The best books about following the open road to discover America

M.M. Holaday Author Of The Open Road
By M.M. Holaday

Who am I?

I grew up a fan of an evening news segment called “On the Road with Charles Kuralt.” Kuralt spotlighted upbeat, affirmative, sometimes nostalgic stories of people and places he discovered as he traveled across the American landscape. The charming stories he told were only part of the appeal; the freedom and adventure of being on the open road ignited a spark that continues to smolder. Some of my fondest memories from childhood are our annual family road trips, and I still jump at the chance to drive across the country.


I wrote...

The Open Road

By M.M. Holaday,

Book cover of The Open Road

What is my book about?

Set in the American West in the second half of the 19th century, Win, a wandering free-spirit, persuades his best friend to head west with him to see the frontier before it disappears. They meet Meg, the female embodiment of Win’s own inner conflict between place and restlessness. As the friends seek adventure and find love on the American frontier, there is irony in these adventurous souls looking for a place to call home.

The books I picked & why

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A Life on the Road

By Charles Kuralt,

Book cover of A Life on the Road

Why this book?

When I read the opening sentences of A Life on the Road by Charles Kuralt, the character of Win Avery in my own book was born in my imagination. Kuralt wrote: “There is no contentment on the road, and little enough fulfillment. I know that now. I am acquainted with people who live settled lives and find deep gratification in family and home. I know what I have missed...the generations together at the table, the pleasures of kinship, the rituals of the hearth. And still I wander, seeking compensation in unforeseen encounters and unexpected sights…No train leaves the station that I do not want to catch.” His words are as sad as they are thrilling and they move me every time I read them.


Out West: An American Journey

By Dayton Duncan,

Book cover of Out West: An American Journey

Why this book?

Duncan follows the route Lewis and Clark took as they headed up the Missouri River. He embarks on the trip several generations later and drives a camper, so he experiences a very different landscape from the early explorers. It doesn’t matter; while the book itself is thirty-five years old, his blend of history, traveler’s and camping advice, and personal encounters make this memoir insightful, funny, and poignant even now. For anyone who would prefer to take a road trip from the comfort of their favorite reading chair, this is a satisfying read.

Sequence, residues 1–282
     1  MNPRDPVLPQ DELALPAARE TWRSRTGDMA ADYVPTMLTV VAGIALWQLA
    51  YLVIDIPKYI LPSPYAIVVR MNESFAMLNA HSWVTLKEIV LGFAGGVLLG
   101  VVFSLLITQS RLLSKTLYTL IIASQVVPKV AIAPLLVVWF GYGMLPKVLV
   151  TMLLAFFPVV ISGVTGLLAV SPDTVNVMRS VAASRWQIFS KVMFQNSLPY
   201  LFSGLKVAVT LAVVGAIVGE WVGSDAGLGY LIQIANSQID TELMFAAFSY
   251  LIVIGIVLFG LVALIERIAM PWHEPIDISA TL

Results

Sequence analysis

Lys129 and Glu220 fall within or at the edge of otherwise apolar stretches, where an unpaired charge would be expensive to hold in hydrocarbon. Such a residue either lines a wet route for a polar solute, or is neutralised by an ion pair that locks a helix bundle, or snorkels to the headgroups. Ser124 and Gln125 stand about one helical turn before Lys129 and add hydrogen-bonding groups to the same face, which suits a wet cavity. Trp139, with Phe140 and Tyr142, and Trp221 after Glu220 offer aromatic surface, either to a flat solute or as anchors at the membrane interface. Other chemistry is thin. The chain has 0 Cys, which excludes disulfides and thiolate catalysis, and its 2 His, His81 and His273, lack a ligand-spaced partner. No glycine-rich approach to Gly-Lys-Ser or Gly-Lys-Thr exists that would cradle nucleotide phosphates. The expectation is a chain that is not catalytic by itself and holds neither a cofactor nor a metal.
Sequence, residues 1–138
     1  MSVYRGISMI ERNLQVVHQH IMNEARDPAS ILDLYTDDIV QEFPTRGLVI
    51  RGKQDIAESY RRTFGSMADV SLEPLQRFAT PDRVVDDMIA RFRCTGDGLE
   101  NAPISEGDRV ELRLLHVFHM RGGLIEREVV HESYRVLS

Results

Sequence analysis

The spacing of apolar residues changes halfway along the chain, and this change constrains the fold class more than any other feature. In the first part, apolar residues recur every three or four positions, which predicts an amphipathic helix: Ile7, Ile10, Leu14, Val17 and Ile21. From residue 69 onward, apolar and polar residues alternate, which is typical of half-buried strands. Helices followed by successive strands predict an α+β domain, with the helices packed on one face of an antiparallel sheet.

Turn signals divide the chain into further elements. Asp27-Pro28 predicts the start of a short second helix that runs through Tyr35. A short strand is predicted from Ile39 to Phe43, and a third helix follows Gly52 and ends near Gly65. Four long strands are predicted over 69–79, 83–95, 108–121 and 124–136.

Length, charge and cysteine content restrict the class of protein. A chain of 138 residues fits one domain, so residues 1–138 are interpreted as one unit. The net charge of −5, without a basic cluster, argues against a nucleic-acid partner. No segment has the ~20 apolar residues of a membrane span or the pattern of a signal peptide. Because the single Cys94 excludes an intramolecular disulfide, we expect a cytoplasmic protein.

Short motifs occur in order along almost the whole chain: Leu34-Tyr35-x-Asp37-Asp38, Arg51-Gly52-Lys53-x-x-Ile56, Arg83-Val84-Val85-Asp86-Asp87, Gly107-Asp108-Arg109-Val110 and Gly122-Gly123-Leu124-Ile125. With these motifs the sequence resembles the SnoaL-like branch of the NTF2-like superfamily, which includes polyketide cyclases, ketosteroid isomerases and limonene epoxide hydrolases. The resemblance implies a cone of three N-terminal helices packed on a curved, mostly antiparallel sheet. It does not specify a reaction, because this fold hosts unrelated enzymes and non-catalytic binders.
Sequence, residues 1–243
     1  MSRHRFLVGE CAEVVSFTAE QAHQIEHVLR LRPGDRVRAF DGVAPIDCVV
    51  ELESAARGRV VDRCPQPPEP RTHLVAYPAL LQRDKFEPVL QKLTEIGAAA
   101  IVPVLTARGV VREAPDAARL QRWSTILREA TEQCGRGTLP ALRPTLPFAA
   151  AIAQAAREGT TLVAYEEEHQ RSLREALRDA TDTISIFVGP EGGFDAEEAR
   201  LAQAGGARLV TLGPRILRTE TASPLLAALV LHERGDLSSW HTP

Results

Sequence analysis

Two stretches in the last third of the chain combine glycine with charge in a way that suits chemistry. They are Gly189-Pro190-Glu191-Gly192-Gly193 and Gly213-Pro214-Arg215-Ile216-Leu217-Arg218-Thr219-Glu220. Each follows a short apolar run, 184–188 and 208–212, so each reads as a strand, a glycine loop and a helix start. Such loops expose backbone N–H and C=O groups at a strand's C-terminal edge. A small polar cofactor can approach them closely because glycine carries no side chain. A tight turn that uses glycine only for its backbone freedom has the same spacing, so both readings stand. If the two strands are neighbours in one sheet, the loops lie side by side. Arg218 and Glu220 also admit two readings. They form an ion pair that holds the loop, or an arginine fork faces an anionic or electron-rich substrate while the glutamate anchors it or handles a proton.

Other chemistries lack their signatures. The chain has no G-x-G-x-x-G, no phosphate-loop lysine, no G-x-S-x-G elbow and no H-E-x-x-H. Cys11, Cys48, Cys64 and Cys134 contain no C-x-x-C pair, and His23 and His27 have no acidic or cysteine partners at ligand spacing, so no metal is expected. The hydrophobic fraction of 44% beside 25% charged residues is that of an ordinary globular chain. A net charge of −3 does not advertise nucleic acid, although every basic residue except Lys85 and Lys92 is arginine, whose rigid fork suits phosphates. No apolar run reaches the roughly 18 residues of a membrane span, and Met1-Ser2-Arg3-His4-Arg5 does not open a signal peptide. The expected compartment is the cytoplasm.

Leaves of Grass

By Walt Whitman,

Book cover of Leaves of Grass

Why this book?

I can’t say I have a love for poetry, but Walt Whitman sure stirs the soul! "Song of the Open Road," one of the poems in the Leaves of Grass collection, is my favorite. His opening lines, “Afoot and lighthearted, I take to the open road. Healthy, free, the world before me” makes me want to lace up my shoes! But also, as many wanderers who are conflicted by the call of the open road and place to call home, the last lines of the poem capture that bittersweet tug: “Will you give me yourself? will you come travel with me? Shall we stick by each other as long as we live?” Whitman captures the restlessness and longing of our American spirit.


All the Wild That Remains: Edward Abbey, Wallace Stegner, and the American West

By David Gessner,

Book cover of All the Wild That Remains: Edward Abbey, Wallace Stegner, and the American West

Why this book?

The physical journey as a metaphor for personal growth and enlightenment is no better accomplished than in this book on the environment. Gessner takes two very different authors, Wallace Stegner and Edward Abbey, and weaves their perspectives together as he embarks on his own trip through their worlds and through his own American West. Highly educational in a style that is lively and readable.


My Ántonia

By Willa Cather,

Book cover of My Ántonia

Why this book?

I love this book for many reasons: the friendship between Antonia and Jim that does not turn into romance but something much deeper; the setting on the sweeping plains and the sense of place it evokes; and the tenderness of Jim’s memories all make this quiet book so beautiful. After all the books about travel and wandering, this is an eloquent reminder of how important a sense of place is.


5 book lists we think you will like!

Interested in the American West, immigrants, and Walt Whitman?

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